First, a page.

A small number of patients treated with a common chemotherapy medicine, doxorubicin, develop serious heart damage, but there is presently no method of determining in advance who they might be. Now, scientists have come up with a technique using reprogrammed stem cells produced from the patient’s own skin cells that forecasts whether they fall into this category.
The chemotherapy medicine doxorubicin (brand name Adriamycin) is extremely effective towards a number of cancers – such as breast cancer and childhood leukemia, but in about 8 percent of patients who are administered this chemotherapy, it leads to cardiotoxicity, where the heart muscles become damaged, and in serious cases, results in heart failure.
Presenting their research in the journal Nature Medicine, investigators from Stanford University and Northwestern University describe how they designed the stem cell method and then went on to find out the likely genetic factors for the variations in reaction to the drug.
Theoretically, it must be possible to take some of the patients heart cells, develop them in the lab and then analyze the drug on them. But, in practice, it is really challenging to isolate heart cells from patients and develop them in the lab.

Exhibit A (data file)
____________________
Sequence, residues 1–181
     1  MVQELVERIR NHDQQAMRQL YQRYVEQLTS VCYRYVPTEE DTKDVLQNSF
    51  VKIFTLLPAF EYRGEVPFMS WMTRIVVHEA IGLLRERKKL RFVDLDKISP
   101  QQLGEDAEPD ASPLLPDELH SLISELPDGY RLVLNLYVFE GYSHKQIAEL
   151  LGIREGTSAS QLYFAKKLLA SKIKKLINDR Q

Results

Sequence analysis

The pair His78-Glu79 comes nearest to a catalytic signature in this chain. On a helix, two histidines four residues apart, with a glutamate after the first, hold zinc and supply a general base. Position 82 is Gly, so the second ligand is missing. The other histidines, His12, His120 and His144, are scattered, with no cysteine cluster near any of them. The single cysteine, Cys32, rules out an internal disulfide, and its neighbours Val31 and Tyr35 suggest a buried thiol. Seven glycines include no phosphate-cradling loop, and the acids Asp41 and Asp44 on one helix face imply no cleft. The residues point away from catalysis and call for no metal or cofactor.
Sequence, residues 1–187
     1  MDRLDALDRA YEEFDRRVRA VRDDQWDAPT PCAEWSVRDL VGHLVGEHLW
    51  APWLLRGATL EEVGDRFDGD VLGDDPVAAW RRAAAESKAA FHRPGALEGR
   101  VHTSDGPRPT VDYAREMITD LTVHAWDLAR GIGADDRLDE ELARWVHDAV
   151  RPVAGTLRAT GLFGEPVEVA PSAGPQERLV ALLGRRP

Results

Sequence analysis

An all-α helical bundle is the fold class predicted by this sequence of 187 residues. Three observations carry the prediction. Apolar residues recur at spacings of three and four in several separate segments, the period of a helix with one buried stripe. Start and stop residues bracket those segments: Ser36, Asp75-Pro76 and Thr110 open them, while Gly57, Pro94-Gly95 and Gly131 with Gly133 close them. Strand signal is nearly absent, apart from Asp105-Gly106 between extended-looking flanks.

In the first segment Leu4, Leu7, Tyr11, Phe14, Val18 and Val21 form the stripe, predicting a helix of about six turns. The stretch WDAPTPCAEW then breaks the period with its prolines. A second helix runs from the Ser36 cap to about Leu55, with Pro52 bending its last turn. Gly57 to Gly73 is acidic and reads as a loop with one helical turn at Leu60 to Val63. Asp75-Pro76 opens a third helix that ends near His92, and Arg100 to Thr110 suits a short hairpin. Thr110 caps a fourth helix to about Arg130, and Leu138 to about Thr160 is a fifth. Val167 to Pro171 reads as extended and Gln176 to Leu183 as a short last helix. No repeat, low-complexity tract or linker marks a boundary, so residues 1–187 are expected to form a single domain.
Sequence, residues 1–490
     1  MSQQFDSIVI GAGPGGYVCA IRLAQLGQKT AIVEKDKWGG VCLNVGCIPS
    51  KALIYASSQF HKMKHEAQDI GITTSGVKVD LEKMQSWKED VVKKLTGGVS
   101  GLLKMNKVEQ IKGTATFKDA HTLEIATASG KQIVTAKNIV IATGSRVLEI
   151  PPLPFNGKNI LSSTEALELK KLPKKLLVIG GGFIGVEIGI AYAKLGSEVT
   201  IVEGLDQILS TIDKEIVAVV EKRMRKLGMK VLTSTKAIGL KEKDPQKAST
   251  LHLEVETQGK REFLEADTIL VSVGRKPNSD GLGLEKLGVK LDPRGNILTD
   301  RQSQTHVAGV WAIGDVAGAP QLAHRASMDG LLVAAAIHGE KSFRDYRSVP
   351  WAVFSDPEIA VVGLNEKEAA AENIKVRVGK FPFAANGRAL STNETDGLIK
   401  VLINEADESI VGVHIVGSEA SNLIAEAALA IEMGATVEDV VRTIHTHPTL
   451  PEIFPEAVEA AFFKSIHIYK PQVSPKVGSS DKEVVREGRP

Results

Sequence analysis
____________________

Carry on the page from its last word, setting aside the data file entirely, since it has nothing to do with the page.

For that reason, the team made the decision to try out another way. Other research have previously reported successfully using easily accessible skin cells from the patient to make stem cells and then coax them into becoming the required cell type.
For their research, the investigators obtained skin cells from breast cancer sufferers who had been treated with doxorubicin – which includes some with cardiotoxicity.
They re-programmed the skin cells so they regressed to a precursor state known as induced pluripotent stem cells – stem cells with the possibilities to distinguish into a variety of cell types.
The investigators then coaxed the stem cells to turn into heart muscle cells, treated them with doxorubicin and assessed their reactions.
Outcomes could guide to a DNA test for possibility of cardiotoxicity
Lead author Paul Burridge, says:
“Our outcomes revealed that heart cells from sufferers who have cardiotoxicity were considerably more sensitive to doxorubicin-caused toxicity. They had more structural damage, decreased contraction, DNA damage and died more quickly.”
Lastly, after determining genetic variations behind the drug reactions, the investigators recommend the toxic side effect may be the outcome of mitochondrial dysfunction. Mitochondria are small compartments within cells that generate the chemical energy they require to function.
The research has obvious implications for the therapy of cancer patients. It could guide to a DNA test that discovers if a individual is probably to develop cardiotoxicity if handled with doxorubicin, Prof. Burridge suggests, and adds:
“This sufferer could then be given an substitute chemotherapy or a reduced dose. In contrast, in sufferers who are tolerant to doxorubicin-stimulated cardiotoxicity it might be possible to increase the dose and have a superior chance of success with their chemotherapy.”